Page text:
5 Reasons to Collect Rainwater: The Original Soft Water

Rain barrels are enjoying a new surge in popularity, and we’re so glad to see them making a comeback! Generations ago, harvesting rainwater was common practice. The recent drought prevention efforts have made water conservation methods and rainwater collection more and more mainstream. Rain barrels are just another great example of the old becoming new again. They were standard fixtures on homesteader farms in the past, but now their numbers are climbing in the city and the suburbs too.

Rainwater and Soft Water

As the original soft water, rainwater used to be the go-to for everyone’s outdoor water use and laundry. Before we had water softeners, people collected rainwater because it made cleaning a lot easier. Rainwater doesn’t contain the dissolved minerals found in creeks and streams (or our tap water today), so it lets soap lather like it should. Plus it keeps laundry from turning orange from high-iron water. Nowadays it might sound extreme to use rainwater to hand-wash your laundry, but harvesting rainwater can still be a great fit for modern living. Rain barrels not only save you money on your water bills, they can help maintain a healthy community water cycle.

Benefits of Having Your Own Rain Barrel

  • Provides Water for Your Garden: Harvesting water from your roof with a rain barrel can easily supplement your garden’s water needs, or your home’s landscaping through the hot summer months.
  • Encourages Groundwater Recharging: Developed areas aren’t very good about absorbing water back into the earth. The water tends to just run into the storm drains. Conserving water in rain barrels and spreading it back onto your home’s landscape helps maintain a healthy groundwater supply.
  • Prevents Runoff & Water Pollution: When water collects in your rain barrel, you help stop water polluted with chemical runoff from entering back in the water supply. The less pollutants we have in our waterways, the better!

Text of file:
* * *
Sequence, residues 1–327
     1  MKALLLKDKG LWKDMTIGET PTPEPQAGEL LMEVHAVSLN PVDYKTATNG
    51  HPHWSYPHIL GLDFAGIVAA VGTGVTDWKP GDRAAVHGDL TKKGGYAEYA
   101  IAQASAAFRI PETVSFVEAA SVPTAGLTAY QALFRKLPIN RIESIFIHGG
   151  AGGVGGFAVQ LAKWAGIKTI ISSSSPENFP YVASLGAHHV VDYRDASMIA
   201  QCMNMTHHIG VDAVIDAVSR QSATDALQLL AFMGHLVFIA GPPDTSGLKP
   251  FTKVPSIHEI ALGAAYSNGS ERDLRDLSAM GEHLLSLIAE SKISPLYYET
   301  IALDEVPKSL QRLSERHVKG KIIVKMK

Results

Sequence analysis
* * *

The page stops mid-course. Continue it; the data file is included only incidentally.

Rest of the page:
• Reduces Your Carbon Footprint: Because rainwater keeps you from solely relying on the city’s water supply, you can cut costs with your water bill. (And feel good about recycling your area’s water.)
  • Gives You “Free” Soft Water: Want to go the extra mile with water conservation? A full rain barrel can provide plenty of soft water for washing your car, the dog, or even your laundry.
If you want to start keeping a rain barrel or two on your property, check out this water harvesting formula. It’s an easy way to figure out what kind of water yield you can expect to get off your roof.

We’re fortunate here in Indiana because the state doesn’t limit or restrict rainwater collection. Other states do—so be sure to check your local government’s policies before you start catching those water droplets.

For more information on using a rain barrel in your yard, visit Recycle Indiana’s rain barrels page. Figuring out your rainwater collection process can be a great afternoon DIY project. But if you’re not feeling too handy, you can always search for a local rain barrel seller or installer. Once you get going, it’s amazing how helpful your old-world rain barrel can be—even in these modern times!